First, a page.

Armstrong dodges doping bullets in LiŠge

Lance Armstrong faces the press two days before he starts his attempt to make Tour de France history

Lance Armstrong faces the press two days before he starts his attempt to make Tour de France history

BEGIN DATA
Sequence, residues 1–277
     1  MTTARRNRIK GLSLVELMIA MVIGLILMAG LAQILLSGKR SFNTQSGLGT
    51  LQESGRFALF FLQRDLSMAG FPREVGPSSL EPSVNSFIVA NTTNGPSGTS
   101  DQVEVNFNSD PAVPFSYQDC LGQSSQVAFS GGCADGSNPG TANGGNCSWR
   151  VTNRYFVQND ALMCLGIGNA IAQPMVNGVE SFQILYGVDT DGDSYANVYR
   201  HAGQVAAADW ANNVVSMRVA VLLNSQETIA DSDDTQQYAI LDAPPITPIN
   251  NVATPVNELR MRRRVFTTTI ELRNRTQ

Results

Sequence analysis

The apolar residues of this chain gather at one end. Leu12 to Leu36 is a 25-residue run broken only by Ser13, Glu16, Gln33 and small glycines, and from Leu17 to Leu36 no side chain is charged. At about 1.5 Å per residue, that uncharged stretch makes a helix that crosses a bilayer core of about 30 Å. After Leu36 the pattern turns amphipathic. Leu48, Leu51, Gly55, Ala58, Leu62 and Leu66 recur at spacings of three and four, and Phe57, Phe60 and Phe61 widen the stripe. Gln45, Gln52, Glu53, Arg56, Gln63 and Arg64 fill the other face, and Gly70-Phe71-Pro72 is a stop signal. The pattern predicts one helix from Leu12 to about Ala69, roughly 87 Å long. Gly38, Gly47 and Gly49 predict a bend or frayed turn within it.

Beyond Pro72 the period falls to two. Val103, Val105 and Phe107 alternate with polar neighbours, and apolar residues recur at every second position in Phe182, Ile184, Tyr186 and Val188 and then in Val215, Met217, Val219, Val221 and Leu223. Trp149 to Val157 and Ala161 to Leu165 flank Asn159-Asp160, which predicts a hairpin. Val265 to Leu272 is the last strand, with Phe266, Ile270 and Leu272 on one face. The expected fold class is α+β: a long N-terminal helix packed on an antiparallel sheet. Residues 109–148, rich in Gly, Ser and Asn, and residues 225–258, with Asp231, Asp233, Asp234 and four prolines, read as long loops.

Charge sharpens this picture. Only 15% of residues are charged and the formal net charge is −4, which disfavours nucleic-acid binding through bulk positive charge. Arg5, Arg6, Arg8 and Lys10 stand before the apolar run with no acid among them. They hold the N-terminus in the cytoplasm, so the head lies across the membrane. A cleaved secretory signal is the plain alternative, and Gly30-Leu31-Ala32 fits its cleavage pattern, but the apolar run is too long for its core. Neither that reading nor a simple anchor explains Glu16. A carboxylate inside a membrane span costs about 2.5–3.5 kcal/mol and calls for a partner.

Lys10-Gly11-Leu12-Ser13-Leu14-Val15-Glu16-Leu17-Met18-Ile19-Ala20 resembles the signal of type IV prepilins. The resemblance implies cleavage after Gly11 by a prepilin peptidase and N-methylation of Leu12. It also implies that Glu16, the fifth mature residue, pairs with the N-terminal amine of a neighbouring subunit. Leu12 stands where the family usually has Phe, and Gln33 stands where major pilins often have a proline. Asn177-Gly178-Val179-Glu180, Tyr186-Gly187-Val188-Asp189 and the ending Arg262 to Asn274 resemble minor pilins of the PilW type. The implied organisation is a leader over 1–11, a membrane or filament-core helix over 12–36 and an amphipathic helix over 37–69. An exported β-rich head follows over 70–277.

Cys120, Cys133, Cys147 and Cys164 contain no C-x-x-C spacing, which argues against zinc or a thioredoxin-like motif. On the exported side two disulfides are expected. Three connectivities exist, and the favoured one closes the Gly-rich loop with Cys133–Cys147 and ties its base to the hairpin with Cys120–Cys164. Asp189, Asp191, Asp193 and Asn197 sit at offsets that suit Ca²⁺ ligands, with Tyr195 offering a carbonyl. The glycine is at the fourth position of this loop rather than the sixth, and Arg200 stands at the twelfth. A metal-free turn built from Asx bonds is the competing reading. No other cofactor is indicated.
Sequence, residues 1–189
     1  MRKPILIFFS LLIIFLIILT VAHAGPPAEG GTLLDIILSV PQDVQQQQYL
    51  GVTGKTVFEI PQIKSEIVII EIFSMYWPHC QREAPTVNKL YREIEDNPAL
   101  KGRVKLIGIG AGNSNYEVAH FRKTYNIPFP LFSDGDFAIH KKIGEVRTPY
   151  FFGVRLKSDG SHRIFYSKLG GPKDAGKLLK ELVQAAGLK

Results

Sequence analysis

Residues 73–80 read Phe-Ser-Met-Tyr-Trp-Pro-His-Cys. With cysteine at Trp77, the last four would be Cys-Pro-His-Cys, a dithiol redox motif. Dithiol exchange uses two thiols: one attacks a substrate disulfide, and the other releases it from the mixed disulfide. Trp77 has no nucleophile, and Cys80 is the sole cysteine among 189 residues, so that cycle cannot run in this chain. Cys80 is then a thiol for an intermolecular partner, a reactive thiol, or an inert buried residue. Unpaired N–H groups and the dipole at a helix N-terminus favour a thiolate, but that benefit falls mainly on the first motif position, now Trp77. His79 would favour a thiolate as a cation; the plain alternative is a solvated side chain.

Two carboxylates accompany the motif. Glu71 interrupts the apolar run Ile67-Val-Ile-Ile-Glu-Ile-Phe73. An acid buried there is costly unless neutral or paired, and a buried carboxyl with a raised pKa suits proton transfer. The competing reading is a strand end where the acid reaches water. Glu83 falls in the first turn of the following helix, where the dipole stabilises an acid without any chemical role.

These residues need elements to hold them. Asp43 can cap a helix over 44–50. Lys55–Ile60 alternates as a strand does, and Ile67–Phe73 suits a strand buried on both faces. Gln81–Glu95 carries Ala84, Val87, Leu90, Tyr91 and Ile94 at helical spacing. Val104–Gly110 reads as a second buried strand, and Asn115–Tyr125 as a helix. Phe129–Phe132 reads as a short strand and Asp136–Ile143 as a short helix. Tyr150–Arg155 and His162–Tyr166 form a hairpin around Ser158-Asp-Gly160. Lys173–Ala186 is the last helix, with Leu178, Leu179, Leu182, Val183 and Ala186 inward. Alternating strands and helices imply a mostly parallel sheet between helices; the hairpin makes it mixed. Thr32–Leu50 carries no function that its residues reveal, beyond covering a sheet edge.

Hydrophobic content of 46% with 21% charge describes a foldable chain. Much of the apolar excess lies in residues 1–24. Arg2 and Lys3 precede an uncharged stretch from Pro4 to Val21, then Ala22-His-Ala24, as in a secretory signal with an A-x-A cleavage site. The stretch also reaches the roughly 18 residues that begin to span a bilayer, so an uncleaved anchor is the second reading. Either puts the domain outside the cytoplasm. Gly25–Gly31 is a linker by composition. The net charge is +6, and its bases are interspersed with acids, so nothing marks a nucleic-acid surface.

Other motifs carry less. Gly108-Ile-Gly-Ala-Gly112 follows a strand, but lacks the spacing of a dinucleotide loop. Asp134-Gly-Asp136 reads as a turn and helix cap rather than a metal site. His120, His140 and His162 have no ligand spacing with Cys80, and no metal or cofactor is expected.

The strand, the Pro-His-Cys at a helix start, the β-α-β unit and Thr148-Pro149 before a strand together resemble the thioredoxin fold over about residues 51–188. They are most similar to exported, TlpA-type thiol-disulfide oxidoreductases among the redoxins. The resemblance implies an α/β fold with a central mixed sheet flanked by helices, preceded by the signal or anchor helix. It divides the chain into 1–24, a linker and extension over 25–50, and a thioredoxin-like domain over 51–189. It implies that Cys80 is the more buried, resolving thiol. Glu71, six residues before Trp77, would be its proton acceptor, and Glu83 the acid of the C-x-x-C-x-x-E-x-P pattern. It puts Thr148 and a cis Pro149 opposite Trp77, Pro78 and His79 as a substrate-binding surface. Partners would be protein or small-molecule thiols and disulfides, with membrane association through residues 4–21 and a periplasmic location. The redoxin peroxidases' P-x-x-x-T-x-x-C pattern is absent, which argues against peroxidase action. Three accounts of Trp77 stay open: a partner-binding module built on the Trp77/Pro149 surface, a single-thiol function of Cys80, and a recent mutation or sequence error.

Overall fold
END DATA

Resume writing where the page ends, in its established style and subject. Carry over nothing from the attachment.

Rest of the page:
Five-time Tour de France winner Lance Armstrong looked intense and hot under the collar at a pre-Tour press conference in Lige on Thursday as he fended off questions about controversial doping allegations two days ahead of the race's opening time trial prologue, writes Justin Davis. US Postal's 32-year-old champion did not, as some expected, launch a charm offensive ahead of what will prove a tough three weeks of racing during which he is likely to come under further questioning from an ever-inquisitive press corps. Instead he said he had little comment to make about a book, 'LA Confidential - the Secrets of Lance Armstrong', which cites former colleagues who allege he has taken performance-enhanching products. One of the book's co-authors, David Walsh, was present at the press conference and a defiant Armstrong reiterated his threat to fight the award-winning Sunday Times journalist and his French co-writer, Pierre Ballester, in the courts. "No," an intense-looking Armstrong replied when asked if the controversial allegations had upset his race preparations. He added: "But I'll say one thing, since the esteemed author is here. In my view, extraordinary accusations must be followed up with extraordinary proof. "Walsh and Ballester have had four or five years working on the book, and they've still no proof. But I will spend however long it takes and whatever it takes to show the allegations are unfounded. I have already engaged lawyers in England and France." Armstrong at one point appeared to be trying to drive a wedge between the journalists who doubt him and those who have "sent me messages of support". He also responded to questions about the Tour's recent hard line with riders who have been or are implicated in doping cases. The Tour organisers have recently excluded David Millar, the Cofidis team leader who is alleged to have admitted taking EPO, while his team-mate Cedric Vasseur - who was implicated but never found guilty in a recent drugs affair - was excluded from racing. "It's a different predicament," said Armstrong. "But I can't judge. All I know is that race organisers have taken a very aggressive approach against doping ... to make the race better for everyone involved. I can't really comment." The American, however, said he was glad he had some friends in the room. "I have received a lot of positive messages from people around the world these last few weeks, and messages of support from some of the people in this room - you know who you are - and I can appreciate that." Jan Ullrich is, Armstrong confirmed, his main rival for the yellow jersey, although the Texan admitted he would be keeping his eye on a handful of other possible contenders. "Jan seems to be better prepared than other years, so he's the biggest rival. But there are between six and 10 others who are very close, guys like Tyler (Hamilton), (Iban) Mayo, (Ivan) Basso and (Haimar) Zubeldia. They're all pretty close. "Unfortunately we lost Vino," he added referring to Alexandre Vinokourov, last year's third place finisher who won't be racing following an injury in the Tour of Switzerland. "But the race will be very tight." The Alpe d'Huez time trial is expected to be the deciding factor in what many expect to be an Armstrong v Ullrich showdown. However, the American attempted to deflect the spotlight from the duel, saying Mayo - who beat him by almost two minutes in the Mont Ventoux time trial at the Dauphin Libr - would be the favourite. "As we saw on the Dauphin, I'm perhaps not the best in those kind of time trials," he said. "I suspect Mayo will win the stage." In three weeks time, the world will know whether there's a new Tour de France record of six victories, or a brand new winner. But for now, Armstrong doesn't want to hear the word 'legend'. "For me the word legend is more than six letters. I'm not sure I'm ready to talk about that right now. The Tour's not a one-day race and we just have to take it day by day." He added: "I still believe that it's the best man who wins in Paris. Even if I'm second, it's the best man who wins the race."
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